Simple, right? Just an “echo” statement, and that’s it. Of course, that on its own isn’t terribly useful. But it does teach us something about the language. (By the way, if you examine the HTML output, you’ll notice that the PHP code is not present in the file sent from the server to your Web browser. All of the PHP present in the Web page is processed and stripped from the page; the only thing returned to the client from the Web server is pure HTML output.)
Printing date and time in a Web page
Now we’ll do something a little more useful. This example will print out the date and time in a Web page.
This code produces the output: The Current Date and Time is: 11:00 AM Friday, October 20 2000. Notice the blend of PHP and HTML here. I’ll assume that you can already read HTML, so I’ll only explain the PHP code. You can find a complete PHP reference online at PHP.net (see Resources).
The PHP code begins with the tag <?php and ends with ?>. This tells the server that everything between <?php and ?> needs to be parsed for PHP instructions, and that if they’re found, they need to be executed. Note that when your document is processed and served, it will be received by the client as plain HTML. Someone browsing your site will not see any of your PHP instructions, unless you’ve made an error and the server spits them out as-is instead of processing them first.
Regular HTML tags within the <?php and ?> will be processed normally. Note that the simple script above contains a
line-break tag. PHP wouldn’t be very useful if you couldn’t include HTML formatting as well.
If you’re going to be working with others, or if you’re just plain forgetful like me, you’ll want to comment your code as well. The // characters indicate a comment, which the server will not process or pass on to the client, unlike comments in HTML. If you include a standard <!– comment –> within the <?php and ?> tags, it is likely to cause an error when parsed by the server. Obviously, you probably wouldn’t comment your code quite so much as I have above for such a basic function, but it makes a good example.
Finally, note that each PHP function is enclosed in parentheses and ends with a semicolon, which will seem familiar to fans of C or Perl. It’s not uncommon to forget a closing parenthesis or semicolon and have a number of parse errors just because of a simple typo, so be sure to check them. It’s helpful to edit PHP in an editor like Vim or Emacs that is capable of syntax highlighting. This allows you to catch your errors right away.
The date function is just one of the built-in PHP functions. PHP also comes with functions for database connectivity, creating PDF, Shockwave, JPG, GIF, PNG, and other graphics files, sending e-mail, reading and writing files, parsing XML, session handling, talking directly to the browser via HTTP, and many other functions.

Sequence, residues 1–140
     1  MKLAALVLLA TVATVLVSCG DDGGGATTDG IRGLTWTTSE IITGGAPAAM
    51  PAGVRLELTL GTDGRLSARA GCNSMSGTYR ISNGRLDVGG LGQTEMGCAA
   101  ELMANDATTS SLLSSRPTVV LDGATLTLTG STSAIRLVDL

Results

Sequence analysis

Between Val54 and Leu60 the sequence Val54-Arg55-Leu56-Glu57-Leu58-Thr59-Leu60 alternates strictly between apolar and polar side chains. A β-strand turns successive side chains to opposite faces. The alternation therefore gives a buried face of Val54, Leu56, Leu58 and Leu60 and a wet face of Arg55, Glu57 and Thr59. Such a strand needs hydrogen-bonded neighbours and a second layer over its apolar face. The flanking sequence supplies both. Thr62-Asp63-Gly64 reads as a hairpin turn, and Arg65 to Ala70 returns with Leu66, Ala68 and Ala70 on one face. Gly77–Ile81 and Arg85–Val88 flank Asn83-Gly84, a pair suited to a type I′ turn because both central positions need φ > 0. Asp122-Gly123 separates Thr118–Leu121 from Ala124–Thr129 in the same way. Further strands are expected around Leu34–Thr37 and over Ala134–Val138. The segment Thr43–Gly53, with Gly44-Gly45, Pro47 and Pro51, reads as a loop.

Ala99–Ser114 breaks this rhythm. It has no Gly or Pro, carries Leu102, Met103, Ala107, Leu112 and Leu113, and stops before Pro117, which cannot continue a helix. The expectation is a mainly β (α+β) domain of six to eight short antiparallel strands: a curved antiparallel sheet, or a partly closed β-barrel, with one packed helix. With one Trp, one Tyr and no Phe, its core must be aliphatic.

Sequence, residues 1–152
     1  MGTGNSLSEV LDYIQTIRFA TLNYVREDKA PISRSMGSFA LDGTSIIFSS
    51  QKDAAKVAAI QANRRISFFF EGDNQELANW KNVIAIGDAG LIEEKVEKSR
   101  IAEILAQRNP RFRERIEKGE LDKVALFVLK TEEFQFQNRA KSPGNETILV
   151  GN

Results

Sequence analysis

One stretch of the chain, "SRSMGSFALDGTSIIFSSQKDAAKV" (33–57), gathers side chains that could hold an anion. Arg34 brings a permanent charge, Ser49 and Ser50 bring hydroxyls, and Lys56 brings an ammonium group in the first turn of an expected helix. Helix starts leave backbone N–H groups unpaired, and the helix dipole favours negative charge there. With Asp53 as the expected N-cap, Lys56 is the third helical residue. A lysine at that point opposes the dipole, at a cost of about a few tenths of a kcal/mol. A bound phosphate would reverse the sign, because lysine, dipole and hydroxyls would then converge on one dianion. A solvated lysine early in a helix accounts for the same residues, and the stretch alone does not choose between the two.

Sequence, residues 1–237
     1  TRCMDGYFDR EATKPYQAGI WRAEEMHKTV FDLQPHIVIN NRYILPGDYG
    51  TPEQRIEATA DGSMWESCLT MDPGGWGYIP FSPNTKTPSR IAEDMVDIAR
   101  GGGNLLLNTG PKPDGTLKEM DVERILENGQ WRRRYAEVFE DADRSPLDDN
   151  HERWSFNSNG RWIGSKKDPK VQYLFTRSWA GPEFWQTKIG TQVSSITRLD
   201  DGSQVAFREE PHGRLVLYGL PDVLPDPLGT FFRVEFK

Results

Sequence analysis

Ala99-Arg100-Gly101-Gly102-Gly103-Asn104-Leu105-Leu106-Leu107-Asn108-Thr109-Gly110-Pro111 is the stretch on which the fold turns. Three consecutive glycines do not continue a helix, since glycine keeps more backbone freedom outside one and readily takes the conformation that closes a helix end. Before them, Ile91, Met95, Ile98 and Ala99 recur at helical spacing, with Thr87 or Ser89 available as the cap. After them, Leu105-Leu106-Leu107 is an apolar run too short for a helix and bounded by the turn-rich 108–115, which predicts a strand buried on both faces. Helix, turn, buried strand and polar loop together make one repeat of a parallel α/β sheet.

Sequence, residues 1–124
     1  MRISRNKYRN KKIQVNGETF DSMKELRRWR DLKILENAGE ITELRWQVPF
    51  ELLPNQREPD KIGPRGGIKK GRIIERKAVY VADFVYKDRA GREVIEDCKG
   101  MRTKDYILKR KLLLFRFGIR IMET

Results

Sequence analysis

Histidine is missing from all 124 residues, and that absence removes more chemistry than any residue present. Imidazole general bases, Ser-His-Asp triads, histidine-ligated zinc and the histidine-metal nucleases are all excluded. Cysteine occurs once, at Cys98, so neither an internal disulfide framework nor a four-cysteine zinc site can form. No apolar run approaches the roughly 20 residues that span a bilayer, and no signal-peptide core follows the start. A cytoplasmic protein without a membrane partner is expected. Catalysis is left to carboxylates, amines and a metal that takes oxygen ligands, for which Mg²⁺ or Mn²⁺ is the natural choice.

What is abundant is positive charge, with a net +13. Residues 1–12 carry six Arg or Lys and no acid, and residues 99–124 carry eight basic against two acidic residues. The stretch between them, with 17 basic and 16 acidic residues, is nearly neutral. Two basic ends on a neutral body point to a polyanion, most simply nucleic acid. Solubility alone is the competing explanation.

PHP also allows the user to define their own functions. This makes PHP a language capable of providing a huge number of solutions via the Web. Rather than just writing everything from scratch, however, be sure to check sites like Zend.com, PHP Wizards, and, of course, Freshmeat to see if what you’re trying to do has been done already (see Resources).
There are a lot of open sourced PHP solutions for serving banners, automating news sites, Web-based e-mail clients, database management, and much more. There’s no sense re-inventing the wheel. Instead, start from the foundation that has already been built and customize it into your own solution. If you’re just poking around with PHP to learn it and don’t have a specific project in mind, these projects are still great examples of what you can do with PHP and serve as great learning resources.
This brief overview of the PHP scripting language should give you an idea of what PHP is capable of and how PHP is being used. In a future article, I’ll walk through accessing a MySQL database to create a dynamic Web product page. Until then, check out the resources on PHP below for further information.
• PHP.net is the main PHP Web site.
• PHP Wizards contains documentation and several popular PHP projects.
• Thickbook.com, by Julie C. Meloni, has a number of very helpful tutorials. Julie is the author of PHP Essentials, one of the best PHP books available.
• PHP Builder is another popular PHP site with tutorials and code libraries.
• Zend.com contains plenty of useful links and information about PHP. Zend is the PHP Optimizer.
• Check out Freshmeat to get updates on PHP development, among other things.
• Go to Perl.com to find out more about another popular scripting language.
• Check out the MySQL official home page.
• Go to the PHPMyAdmin site to see PHP and MySQL handled.
• The official Python site is always useful.
• The Java Lobby has lots of useful Java info.